Section 541 of the Bankruptcy Code provides that "all legal or equitable interests of the debtor in property as of the commencement of the case" become part of the bankruptcy estate. Though this provision was intended to be broad in scope, see United States v. Whiting Pools, Inc., 462 U.S. 198, 204-05, 103 S. Ct. 2309, 2313, 76 L. Ed. 2d 515 (1983); H.R.Rep. No. 595, 95th Cong., 1st Sess. 367-38, reprinted in 1978 U.S.Code Cong. & Admin.News 5787, 6323-24, the Code allows certain exceptions. 11 U.S.C. § 541(a) (1). One of the exceptions stipulates that " [a] restriction on the transfer of a beneficial interest of the debtor in a trust that is enforceable under applicable nonbankruptcy law is enforceable in a case under [the Bankruptcy Code]." Id. § 541(c) (2) (emphasis added).
After the district court's decision in the instant case, this court held in Anderson v. Raine (In re Moore), 907 F.2d 1476 (4th Cir. 1990), that "applicable nonbankruptcy law" includes the Employee Retirement Income Security Act (ERISA).1 In that case we looked to the plain language of the statute and found "applicable nonbankruptcy law" to be not limited to state law but also to embrace federal statutes, including ERISA. 907 F.2d at 1477-79 (" 'Applicable nonbankruptcy law' means precisely what it says: all laws, state and federal, under which a transfer restriction is enforceable. Nothing in the phrase 'applicable nonbankruptcy law' ... suggests that the phrase refers exclusively to state law, much less to state spendthrift trust law."). We further held that because ERISA enforces restrictions on the transfer of pension interests under its non-alienation requirement,2 it constitutes an "applicable nonbankruptcy law." See id. at 1479-81.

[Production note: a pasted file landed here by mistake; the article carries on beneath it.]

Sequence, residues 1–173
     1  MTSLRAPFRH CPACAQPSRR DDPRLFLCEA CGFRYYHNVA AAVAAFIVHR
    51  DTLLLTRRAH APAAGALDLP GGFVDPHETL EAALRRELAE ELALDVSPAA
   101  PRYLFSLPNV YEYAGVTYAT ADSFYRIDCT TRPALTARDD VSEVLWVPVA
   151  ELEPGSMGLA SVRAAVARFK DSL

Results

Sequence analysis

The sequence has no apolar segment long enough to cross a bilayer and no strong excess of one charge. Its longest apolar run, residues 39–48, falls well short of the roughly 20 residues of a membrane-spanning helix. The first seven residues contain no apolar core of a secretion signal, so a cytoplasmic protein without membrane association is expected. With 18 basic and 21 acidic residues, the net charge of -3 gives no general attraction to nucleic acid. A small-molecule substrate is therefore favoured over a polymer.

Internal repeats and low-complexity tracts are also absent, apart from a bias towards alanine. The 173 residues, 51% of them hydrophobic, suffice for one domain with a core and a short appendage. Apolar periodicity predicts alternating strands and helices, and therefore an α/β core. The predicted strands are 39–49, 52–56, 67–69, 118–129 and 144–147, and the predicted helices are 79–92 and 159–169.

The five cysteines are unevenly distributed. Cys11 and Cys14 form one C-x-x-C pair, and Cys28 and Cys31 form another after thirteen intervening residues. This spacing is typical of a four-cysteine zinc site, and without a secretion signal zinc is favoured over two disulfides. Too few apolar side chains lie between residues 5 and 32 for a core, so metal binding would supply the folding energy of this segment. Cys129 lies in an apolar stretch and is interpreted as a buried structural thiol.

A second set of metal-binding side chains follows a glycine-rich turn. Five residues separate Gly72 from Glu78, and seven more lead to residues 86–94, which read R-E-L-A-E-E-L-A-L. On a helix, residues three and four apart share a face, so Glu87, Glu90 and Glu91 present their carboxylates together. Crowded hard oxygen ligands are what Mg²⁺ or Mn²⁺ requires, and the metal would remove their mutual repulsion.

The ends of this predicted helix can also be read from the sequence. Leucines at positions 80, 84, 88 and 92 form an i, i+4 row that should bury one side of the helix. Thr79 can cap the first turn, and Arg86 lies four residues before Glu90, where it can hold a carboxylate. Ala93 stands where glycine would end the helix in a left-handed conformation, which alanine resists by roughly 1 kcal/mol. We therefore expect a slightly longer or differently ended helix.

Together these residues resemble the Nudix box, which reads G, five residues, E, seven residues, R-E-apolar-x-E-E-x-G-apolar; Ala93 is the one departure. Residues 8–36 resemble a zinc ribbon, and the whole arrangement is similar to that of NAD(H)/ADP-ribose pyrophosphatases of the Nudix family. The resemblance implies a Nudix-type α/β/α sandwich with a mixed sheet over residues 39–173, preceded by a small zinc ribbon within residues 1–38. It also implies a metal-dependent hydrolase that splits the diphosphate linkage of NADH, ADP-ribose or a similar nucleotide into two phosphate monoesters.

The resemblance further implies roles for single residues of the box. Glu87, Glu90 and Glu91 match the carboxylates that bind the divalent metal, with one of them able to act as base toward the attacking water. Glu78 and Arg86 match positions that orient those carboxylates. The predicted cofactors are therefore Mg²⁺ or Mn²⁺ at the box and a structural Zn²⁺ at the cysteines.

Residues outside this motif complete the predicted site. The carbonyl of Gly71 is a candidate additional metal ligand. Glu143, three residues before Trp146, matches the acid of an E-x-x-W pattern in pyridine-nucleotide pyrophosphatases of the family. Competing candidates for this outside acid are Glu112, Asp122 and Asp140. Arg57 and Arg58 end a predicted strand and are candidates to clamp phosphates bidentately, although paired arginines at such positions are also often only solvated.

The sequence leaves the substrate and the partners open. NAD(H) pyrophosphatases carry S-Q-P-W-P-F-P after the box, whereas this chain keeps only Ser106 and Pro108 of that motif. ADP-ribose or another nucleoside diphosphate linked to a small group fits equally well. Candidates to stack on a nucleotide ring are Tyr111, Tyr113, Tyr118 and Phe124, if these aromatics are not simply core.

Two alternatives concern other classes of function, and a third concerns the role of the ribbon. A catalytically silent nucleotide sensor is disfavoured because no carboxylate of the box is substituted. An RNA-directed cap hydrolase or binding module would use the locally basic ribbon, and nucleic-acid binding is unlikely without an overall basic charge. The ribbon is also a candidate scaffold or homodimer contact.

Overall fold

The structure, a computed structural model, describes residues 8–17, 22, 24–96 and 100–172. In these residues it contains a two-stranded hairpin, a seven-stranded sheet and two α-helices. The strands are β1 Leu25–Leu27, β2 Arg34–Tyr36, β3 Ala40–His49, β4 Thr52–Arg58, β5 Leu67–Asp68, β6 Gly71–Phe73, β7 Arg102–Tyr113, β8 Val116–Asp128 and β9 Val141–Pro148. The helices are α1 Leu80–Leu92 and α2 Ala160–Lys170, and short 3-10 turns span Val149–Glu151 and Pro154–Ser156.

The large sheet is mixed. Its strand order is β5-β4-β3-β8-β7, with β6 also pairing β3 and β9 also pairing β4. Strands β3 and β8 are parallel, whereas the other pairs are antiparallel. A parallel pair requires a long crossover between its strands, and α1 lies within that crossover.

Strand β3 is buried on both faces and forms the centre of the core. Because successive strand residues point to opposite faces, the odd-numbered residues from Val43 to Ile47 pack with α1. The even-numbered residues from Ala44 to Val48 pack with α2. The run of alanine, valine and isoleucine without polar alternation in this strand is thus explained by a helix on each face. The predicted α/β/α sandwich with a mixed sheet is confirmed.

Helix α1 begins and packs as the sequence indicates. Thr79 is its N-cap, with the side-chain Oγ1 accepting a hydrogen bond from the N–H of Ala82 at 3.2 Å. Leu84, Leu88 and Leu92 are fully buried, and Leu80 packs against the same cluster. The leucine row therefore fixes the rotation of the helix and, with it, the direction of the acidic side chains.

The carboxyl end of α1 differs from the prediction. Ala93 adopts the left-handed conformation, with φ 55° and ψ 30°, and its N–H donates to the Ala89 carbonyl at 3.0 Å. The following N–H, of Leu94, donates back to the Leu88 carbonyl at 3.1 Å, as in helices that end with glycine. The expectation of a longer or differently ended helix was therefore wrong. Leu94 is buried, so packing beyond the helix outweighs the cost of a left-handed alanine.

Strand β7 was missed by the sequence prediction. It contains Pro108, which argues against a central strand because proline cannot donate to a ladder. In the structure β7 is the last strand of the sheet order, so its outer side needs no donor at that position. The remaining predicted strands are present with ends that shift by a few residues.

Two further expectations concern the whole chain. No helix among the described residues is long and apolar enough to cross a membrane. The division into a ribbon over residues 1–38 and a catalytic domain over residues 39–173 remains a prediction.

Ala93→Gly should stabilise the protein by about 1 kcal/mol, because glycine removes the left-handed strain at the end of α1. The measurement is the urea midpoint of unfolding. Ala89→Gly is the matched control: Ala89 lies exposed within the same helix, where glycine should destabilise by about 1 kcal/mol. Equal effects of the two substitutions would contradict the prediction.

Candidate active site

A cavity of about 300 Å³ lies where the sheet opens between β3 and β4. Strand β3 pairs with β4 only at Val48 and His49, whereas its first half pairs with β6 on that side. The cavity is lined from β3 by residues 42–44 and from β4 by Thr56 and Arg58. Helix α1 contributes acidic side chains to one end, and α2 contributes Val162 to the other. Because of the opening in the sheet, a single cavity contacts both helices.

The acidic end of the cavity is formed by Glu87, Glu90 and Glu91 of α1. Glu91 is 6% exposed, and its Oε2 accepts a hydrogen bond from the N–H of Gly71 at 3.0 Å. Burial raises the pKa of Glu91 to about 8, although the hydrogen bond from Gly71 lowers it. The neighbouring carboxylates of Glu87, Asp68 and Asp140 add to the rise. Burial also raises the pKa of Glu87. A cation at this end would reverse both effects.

Under the Moore analysis, therefore, the ERISA non-alienation requirement qualifies as " [a] restriction on the transfer of a beneficial interest of the debtor in a trust enforceable under applicable nonbankruptcy law." Appellees concede as much, but seek to escape the force of Moore by contending that Moore does not stand for an ironclad proposition that ERISA creates an automatic exclusion in bankruptcy, but that such an exclusion must turn on "state law governing spendthrift trust or public policy." We disagree.
The nub of appellees' argument is that the non-alienation requirement in Coleman's ERISA-qualified pension plan did not effectively apply to Shumate because he controlled the company, and thereby could control the pension plan.3 The evidence is that Shumate held 96% of the stock of the company, that he could vote in or out all the board of directors, that the board could terminate the pension plan at any time, and that he would personally benefit from any reversion from the plan upon termination. From this the district court concluded that a trust in which a beneficiary wields such power cannot be held a valid spendthrift trust, since public policy dictates that when debtor is both settlor and beneficiary of the trust it will not be enforced.